London Stansted Airport. The man flew in
from Italy, and Scotland Yard wants Grossi
to know what he was doing in the country
and whether his reason for being there led to
his murder. What no one knows is that the
case revolves around the fact that the local
head of the ’Ngrangheta is losing his sight,
and he’s desperate to keep from going blind.
Gregorio offers up a nightmarish plot, white-knuckle suspense, and believable characters
in this gripping thriller. —Emily Melton
By Iris Johansen.
Oct. 2017. 384p. St. Martin’s, $27.99 (9781250075857);
e-book, $14.99 (9781466887237).
The best-selling Johansen employs a distinctive formula: energetic and extensive dialogue,
steady pacing, and a seemingly bottomless
whirlpool of emotion and romantic suspense.
The reader never knows just what to expect
from her multifaceted characters, many of
whom are gifted with extraordinary, sometimes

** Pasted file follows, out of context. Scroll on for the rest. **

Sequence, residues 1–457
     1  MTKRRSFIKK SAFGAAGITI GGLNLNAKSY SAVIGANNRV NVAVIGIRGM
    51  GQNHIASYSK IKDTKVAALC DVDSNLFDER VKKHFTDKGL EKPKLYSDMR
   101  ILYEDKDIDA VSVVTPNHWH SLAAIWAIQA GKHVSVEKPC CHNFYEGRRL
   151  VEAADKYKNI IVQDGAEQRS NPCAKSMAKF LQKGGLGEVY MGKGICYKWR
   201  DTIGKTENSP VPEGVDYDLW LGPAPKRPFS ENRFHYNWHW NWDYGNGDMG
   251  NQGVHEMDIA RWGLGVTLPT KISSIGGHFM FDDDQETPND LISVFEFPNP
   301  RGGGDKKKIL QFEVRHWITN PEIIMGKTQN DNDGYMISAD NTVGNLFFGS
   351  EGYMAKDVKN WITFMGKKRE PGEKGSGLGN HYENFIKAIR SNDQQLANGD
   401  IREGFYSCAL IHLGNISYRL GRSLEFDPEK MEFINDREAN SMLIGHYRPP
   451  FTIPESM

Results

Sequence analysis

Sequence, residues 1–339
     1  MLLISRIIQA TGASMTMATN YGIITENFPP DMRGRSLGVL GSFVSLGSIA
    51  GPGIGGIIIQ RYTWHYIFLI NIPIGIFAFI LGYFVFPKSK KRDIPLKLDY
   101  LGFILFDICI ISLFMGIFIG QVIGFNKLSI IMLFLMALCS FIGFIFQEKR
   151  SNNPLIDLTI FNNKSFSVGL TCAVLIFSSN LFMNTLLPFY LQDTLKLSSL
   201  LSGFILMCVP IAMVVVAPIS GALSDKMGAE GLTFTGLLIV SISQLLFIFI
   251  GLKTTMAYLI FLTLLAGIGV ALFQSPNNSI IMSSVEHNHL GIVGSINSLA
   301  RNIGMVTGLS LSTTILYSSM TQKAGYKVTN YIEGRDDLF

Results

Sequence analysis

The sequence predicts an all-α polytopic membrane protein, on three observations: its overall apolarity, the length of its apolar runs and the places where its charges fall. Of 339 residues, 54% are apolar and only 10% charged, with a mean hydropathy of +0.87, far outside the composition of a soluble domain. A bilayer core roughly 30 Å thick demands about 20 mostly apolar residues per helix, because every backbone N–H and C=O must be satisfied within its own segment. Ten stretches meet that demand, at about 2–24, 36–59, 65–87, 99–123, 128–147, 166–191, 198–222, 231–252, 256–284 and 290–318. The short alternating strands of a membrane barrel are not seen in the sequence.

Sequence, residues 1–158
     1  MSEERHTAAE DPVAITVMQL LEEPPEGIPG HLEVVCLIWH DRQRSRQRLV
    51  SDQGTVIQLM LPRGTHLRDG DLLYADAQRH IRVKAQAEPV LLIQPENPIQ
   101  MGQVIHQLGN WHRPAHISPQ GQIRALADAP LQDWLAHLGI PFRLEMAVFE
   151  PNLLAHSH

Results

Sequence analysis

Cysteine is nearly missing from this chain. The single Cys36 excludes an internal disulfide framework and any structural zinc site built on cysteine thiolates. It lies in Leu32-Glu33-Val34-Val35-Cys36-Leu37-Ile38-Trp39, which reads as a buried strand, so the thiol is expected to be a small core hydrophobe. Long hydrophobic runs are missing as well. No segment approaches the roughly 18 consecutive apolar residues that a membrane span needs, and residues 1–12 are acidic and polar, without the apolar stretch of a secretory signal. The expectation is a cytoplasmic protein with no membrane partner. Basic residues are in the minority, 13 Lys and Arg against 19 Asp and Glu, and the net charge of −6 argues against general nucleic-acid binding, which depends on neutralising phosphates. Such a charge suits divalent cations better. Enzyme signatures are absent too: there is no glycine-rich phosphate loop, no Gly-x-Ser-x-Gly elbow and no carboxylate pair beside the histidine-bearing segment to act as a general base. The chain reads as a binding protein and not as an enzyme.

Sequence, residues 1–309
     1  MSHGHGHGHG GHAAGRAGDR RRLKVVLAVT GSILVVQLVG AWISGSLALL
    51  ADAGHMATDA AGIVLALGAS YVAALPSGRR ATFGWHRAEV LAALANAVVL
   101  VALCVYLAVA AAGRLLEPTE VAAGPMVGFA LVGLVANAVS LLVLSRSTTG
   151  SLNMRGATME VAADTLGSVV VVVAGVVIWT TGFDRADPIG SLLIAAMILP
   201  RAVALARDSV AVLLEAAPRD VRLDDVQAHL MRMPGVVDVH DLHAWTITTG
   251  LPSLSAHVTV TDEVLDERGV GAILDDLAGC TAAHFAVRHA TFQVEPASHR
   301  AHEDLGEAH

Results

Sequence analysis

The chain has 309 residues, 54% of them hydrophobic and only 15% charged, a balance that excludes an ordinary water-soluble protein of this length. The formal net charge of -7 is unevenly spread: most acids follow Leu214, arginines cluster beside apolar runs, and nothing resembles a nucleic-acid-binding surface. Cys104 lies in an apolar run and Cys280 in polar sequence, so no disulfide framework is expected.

paranormal, talents. In this twenty-first book
in the Eve Duncan series, Jane MacGuire, Eve’s
adopted daughter, plans to return to Scotland
to resume her search for a lost ancient treasure,
all the while beset by dreams of a girl in danger.
She names her Lisa and creates detailed sketch-es from memory, hoping that the background
scenery will provide a clue as to where she is
being held. Meanwhile, Seth Caleb comes
back into Jane’s life. This time Jane must rescue
him and, in the process, comes to realize that
treasure comes in many forms. Amid all of the
adventure and intrigue is an ecstatic Eve, who
has been doubly blessed with a son and the
special psychic bond that has grown between
them. Fans will enjoy the opportunity to revisit
Johansen’s much-loved cast. —Jane Murphy
HIGH-DEMAND BACKSTORY: A new Eve
Duncan translates immediately to big sales
and a satisfied audience.
By Michael Brandman.
Sept. 2017. 26.95p. Poisoned Pen, $26.95
(9781464208041); paper, $15.95 (9781464208065).
Hollywood writer-producer Brandman is
one of the writers anointed by the estate of
Robert B. Parker to continue the legendary au-